How to Move Columns in Excel: 2024 Guide for Easy Rearranging

Moving columns in Excel is a straightforward task that can be accomplished in a few simple steps. All you need to do is select the column you want to move, cut or copy it, select the location where you want to move it to, and then paste it. After reading this paragraph, you should have a basic understanding of how to move columns in Excel.

Step by Step Tutorial on How to Move Columns in Excel

Before we dive into the steps, let’s understand why you might need to move columns in Excel. Maybe you’re organizing data, or you need to rearrange columns for a better presentation. Whatever the reason, these steps will help you achieve your goal.

Step 1: Select the Column

Click on the column header of the column you want to move.

Selecting the column is the first step in moving it. Make sure you click on the column header (the lettered cell at the top of the column) to select the whole column. If you only select a cell or a part of the column, you won’t be able to move the entire column.

Step 2: Cut or Copy the Column

Right-click and choose “Cut” or press Ctrl+X on your keyboard. Alternatively, to copy the column, press Ctrl+C.

When you cut a column, it’s removed from its original location and ready to be pasted elsewhere. If you copy the column instead, the original column will remain, and you’ll paste a duplicate of it in a new location.

Step 3: Select the Destination

Click on the column header where you want to move the column to.

This step is crucial because where you click will determine where the column is pasted. If you want to move the column to a specific location, make sure you select the column header to the right of where you want your cut or copied column to appear.

Step 4: Paste the Column

Right-click and choose “Insert Cut Cells” or “Insert Copied Cells,” or press Ctrl+V on your keyboard.

Pasting is the final act of moving your column. By choosing “Insert Cut Cells” or “Insert Copied Cells,” Excel shifts the other columns to the right to make space for the moved column, maintaining the integrity of your data.

After completing these steps, your column will be in its new location. If you cut the column, the original location will be empty. If you copied the column, there will now be two identical columns in your spreadsheet.

Tips for Moving Columns in Excel

  • Make sure no cells in the column are being edited before you try to move it.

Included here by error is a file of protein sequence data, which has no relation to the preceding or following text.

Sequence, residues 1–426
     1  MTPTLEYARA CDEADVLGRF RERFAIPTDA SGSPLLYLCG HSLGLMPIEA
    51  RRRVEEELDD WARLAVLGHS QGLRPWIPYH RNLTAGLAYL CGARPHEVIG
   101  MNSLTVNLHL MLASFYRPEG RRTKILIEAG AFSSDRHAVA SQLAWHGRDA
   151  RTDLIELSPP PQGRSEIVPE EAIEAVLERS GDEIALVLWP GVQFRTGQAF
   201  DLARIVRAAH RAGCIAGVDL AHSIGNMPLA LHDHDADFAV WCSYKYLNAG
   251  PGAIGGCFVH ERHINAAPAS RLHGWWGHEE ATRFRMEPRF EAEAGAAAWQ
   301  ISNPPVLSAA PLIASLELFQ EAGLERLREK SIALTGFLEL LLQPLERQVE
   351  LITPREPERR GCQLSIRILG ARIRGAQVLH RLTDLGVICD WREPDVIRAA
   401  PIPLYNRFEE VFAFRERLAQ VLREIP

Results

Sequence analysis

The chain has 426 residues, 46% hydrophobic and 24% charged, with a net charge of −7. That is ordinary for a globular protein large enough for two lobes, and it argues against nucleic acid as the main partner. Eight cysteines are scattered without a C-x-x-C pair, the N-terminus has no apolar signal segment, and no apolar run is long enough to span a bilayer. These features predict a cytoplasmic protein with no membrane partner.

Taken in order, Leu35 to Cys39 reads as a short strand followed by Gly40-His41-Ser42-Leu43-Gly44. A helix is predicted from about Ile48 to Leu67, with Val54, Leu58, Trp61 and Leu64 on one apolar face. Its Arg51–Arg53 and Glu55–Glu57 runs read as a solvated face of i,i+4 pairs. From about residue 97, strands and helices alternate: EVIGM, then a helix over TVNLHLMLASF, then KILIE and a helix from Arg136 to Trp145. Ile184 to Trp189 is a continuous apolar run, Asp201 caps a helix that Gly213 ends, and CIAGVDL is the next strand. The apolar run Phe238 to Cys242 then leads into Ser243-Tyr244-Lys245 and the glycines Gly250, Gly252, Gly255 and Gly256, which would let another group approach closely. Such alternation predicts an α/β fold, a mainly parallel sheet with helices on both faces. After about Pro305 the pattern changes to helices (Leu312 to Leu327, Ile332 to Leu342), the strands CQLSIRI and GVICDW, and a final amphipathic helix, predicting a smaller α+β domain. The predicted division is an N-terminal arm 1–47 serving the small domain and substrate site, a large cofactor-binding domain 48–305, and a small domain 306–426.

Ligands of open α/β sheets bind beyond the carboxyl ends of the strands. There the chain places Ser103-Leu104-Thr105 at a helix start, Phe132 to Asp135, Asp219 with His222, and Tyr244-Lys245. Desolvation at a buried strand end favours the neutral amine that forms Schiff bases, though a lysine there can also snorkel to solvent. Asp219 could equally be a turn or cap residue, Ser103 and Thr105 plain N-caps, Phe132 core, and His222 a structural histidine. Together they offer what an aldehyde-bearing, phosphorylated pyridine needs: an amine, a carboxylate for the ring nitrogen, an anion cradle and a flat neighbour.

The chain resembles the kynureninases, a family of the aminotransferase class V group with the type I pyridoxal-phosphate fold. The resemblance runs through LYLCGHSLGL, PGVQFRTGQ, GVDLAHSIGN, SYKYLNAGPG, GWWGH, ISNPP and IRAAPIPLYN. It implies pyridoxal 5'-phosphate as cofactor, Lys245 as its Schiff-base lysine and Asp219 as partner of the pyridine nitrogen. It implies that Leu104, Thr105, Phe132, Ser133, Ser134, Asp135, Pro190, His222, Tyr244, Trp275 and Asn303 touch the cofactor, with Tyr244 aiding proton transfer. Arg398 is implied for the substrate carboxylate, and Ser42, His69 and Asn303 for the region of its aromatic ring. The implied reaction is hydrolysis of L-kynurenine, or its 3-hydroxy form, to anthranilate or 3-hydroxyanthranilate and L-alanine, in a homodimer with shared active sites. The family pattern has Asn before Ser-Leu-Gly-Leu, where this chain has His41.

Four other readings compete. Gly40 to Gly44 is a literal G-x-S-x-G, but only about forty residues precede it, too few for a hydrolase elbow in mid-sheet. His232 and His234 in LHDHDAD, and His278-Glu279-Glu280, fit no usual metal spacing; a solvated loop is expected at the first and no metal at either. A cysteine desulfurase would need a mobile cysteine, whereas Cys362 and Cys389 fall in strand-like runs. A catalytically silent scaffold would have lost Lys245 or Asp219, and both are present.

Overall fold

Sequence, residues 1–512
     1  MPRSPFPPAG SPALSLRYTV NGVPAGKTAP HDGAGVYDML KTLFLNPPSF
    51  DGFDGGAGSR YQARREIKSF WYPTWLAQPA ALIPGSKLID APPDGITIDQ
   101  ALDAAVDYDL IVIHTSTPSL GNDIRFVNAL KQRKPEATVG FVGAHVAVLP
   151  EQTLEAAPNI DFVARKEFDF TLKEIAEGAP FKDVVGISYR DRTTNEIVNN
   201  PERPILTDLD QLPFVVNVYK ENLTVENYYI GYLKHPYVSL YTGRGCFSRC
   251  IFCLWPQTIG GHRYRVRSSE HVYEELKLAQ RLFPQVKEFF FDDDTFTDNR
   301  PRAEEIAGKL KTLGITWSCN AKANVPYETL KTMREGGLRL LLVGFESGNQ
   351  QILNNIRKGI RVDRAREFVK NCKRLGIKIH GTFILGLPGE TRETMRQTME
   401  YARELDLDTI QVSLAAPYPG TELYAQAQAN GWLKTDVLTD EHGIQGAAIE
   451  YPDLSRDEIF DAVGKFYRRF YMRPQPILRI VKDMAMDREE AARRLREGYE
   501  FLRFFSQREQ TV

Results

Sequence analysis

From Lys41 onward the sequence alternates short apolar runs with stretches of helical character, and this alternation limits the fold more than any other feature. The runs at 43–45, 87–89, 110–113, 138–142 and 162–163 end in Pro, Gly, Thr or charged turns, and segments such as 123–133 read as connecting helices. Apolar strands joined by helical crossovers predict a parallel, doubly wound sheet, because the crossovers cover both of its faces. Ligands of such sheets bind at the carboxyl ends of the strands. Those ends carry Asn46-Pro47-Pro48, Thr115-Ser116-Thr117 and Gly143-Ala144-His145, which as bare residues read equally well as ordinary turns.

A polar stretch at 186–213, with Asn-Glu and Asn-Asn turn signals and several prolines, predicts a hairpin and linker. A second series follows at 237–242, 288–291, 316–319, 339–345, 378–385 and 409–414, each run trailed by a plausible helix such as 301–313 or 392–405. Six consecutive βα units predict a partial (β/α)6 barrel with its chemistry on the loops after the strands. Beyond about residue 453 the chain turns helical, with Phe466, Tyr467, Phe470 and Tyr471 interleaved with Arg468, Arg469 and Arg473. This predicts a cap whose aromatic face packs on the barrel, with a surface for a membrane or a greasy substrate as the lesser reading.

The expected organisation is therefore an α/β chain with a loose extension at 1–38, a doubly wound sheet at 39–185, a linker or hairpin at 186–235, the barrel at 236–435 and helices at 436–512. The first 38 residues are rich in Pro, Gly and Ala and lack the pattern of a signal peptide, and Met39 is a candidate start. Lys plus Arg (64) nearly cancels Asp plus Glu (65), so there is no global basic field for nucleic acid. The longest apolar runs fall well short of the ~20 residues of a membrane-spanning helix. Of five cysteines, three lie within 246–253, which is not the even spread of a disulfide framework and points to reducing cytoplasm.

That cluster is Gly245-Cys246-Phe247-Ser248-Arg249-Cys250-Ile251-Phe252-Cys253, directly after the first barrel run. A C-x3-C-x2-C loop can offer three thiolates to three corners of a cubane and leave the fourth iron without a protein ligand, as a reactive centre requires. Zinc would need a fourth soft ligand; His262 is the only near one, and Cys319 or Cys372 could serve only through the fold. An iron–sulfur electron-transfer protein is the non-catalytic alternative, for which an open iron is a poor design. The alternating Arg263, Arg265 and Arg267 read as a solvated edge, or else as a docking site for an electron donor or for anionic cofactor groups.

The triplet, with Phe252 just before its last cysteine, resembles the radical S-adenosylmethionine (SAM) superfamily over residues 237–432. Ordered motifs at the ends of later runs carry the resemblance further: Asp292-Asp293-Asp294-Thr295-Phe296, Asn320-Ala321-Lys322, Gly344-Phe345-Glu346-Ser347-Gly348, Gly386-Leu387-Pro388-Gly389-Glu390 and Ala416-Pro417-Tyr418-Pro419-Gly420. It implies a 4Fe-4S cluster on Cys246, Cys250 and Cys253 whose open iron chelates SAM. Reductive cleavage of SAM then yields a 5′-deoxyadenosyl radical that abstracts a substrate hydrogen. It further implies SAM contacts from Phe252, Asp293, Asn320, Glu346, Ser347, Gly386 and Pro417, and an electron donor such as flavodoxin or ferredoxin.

• If you’re moving multiple columns, select them all before cutting or copying.
  • Use the “Undo” feature (Ctrl+Z) if you make a mistake and need to reverse the move.
  • Be cautious when moving columns in a spreadsheet with formulas, as this can change the results or cause errors.
  • If you need to move a column to a new worksheet, first copy the column, then paste it into the new worksheet.

Frequently Asked Questions

Is there a way to drag and drop columns in Excel?

Yes, you can click on the edge of the column and drag it to its new location while holding down the Shift key.

Dragging and dropping is an alternative method to moving columns in Excel. It can be faster than cutting and pasting, but it requires a bit more precision with the mouse.

Can I move multiple columns at once?

Absolutely, just select the range of columns you want to move, then cut or copy and paste them as described above.

Moving multiple columns is similar to moving a single column. Just make sure all the columns you want to move are selected before you cut or copy them.

What happens if I move a column with formulas referring to other cells?

The formulas will automatically update to refer to the new column’s location, maintaining the correct references.

Excel is smart enough to adjust formulas when you move columns around. However, it’s always a good idea to double-check your formulas after moving columns to ensure everything is still working as expected.

Can I undo a column move?

Yes, you can press Ctrl+Z to undo the move, or click the “Undo” button in the toolbar.

The undo feature is your best friend when you’re moving columns around. If you don’t like where you placed a column, or if you accidentally move the wrong one, just undo and try again.

Will moving columns affect my data’s formatting?

No, the formatting will move with the column. However, any conditional formatting might need to be adjusted if it’s based on the column’s original location.

When you move a column, all the formatting should move with it. However, conditional formatting might not update automatically, so you may need to adjust it manually.


  1. Select the column by clicking on its header.
  2. Cut or copy the column using right-click options or keyboard shortcuts.
  3. Click on the destination column’s header.
  4. Paste the column with the right-click options or Ctrl+V.


Moving columns in Excel doesn’t have to be a daunting task. With the simple steps outlined in this guide, you’ll be rearranging your data like a pro in no time. Remember, the key to success is understanding the difference between cutting and copying, and knowing exactly where you want your data to go. Once you’ve mastered these steps, you’ll find that organizing your spreadsheets becomes a much more manageable and less time-consuming process. So go ahead, give it a try, and see how easily you can optimize your Excel experience. Whether you’re a seasoned Excel user or a beginner, mastering how to move columns is an essential skill that will serve you well in all your data management endeavors.

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